Arming yourself with nanoWatt technology tricks Design How-To 11/17/2004 Post a comment PDAs are a great example of where power-management sophistication is improving rapidly, writes Microchip Technology's famous applications guru. But the battery-powered equipment requirements are increasingly dependent on firmware/software tricks — like 2-clock start ups — with the microcontroller-based processing unit. This article offers insights on improving efficiency.
Kung Hei fat Choy: Financial analyst likes what he sees in Chinese handsets Blog 11/17/2004 Post a comment Here's some interesting news in the analog IC supply chain: Our friend Doug Freedman at American Technology Research has a "buy" recommendation on Analog Devices. While ATE and digital camera markets are bland, he foresees an upturn in the Asian cellular handset market after the Chinese New Years. Freedman believes the company is working down its inventories and that its order rates look solid. The unedited text of his remarks follow here:
Digital Control IC - for analog power supplies Product News 11/17/2004 Post a comment Microchip announced a sophisticated power supply pulse width modulation (PWM) controller. The MCP1630 enables power-system designers to add precision control, digital communication and programmability to their designs. The device consists of a high-speed comparator with a high-performance error amplifier and a PWM latch to perform the analog power-supply PWM function. When used with a microcontroller, it supports the development of high-speed, intelligent power-system controllers.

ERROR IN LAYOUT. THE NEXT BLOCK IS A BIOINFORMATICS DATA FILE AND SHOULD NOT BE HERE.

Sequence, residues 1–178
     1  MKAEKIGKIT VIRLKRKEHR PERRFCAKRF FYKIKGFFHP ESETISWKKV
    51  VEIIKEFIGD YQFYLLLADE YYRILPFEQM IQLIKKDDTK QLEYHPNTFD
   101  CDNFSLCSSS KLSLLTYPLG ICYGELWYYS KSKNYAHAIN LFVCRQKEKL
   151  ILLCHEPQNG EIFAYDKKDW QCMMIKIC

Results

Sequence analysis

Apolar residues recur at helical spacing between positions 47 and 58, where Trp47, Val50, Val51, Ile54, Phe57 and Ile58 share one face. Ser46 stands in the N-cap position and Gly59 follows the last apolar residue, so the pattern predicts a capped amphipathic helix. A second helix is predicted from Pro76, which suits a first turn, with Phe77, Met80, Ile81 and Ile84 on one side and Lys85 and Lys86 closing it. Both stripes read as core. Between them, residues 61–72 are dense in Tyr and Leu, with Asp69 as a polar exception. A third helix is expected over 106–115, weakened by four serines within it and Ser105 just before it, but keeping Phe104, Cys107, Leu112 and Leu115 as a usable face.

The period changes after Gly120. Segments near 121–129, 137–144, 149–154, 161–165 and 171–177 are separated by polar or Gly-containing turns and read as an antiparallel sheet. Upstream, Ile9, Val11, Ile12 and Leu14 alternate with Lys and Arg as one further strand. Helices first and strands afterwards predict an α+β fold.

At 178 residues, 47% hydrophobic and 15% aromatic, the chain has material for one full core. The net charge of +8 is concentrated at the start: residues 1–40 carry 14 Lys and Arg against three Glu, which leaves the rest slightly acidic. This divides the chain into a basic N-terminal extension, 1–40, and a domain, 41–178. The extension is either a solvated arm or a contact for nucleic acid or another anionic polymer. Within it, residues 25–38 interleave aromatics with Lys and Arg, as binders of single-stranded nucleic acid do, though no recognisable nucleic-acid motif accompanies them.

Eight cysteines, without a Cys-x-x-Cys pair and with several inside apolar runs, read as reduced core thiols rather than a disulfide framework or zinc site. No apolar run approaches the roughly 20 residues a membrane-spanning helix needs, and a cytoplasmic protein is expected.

First fully integrated regulators optimized for SOC + DDR apps Product News 11/17/2004 Post a comment California Micro Devices touts its CM3132 and CM3121 as the industry's first family of fully integrated, all linear regulator solutions optimized for powering SOCs (systems-on-chip) and DDR (double data rate) memory in digital consumer electronics and PC peripherals. They're also the industry's lowest cost and smallest footprint power solutions, according to the company, replacing multiple discrete regulators and eliminating the need for external FETs and inductors.